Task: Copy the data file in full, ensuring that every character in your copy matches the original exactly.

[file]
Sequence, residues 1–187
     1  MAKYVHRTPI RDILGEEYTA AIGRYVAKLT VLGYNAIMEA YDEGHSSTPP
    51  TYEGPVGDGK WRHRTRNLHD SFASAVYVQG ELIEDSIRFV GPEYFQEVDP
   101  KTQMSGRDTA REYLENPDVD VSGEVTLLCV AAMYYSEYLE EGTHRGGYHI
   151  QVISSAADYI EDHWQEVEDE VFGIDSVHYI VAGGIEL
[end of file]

Sequence, residues 1–187
     1  MAKYVHRTPI RDILGEEYTA AIGRYVAKLT VLGYNAIMEA YDEGHSSTPP
    51  TYEGPVGDGK WRHRTRNLHD SFASAVYVQG ELIEDSIRFV GPEYFQEVDP
   101  KTQMSGRDTA REYLENPDVD VSGEVTLLCV AAMYYSEYLE EGTHRGGYHI
   151  QVISSAADYI EDHWQEVEDE VFGIDSVHYI VAGGIEL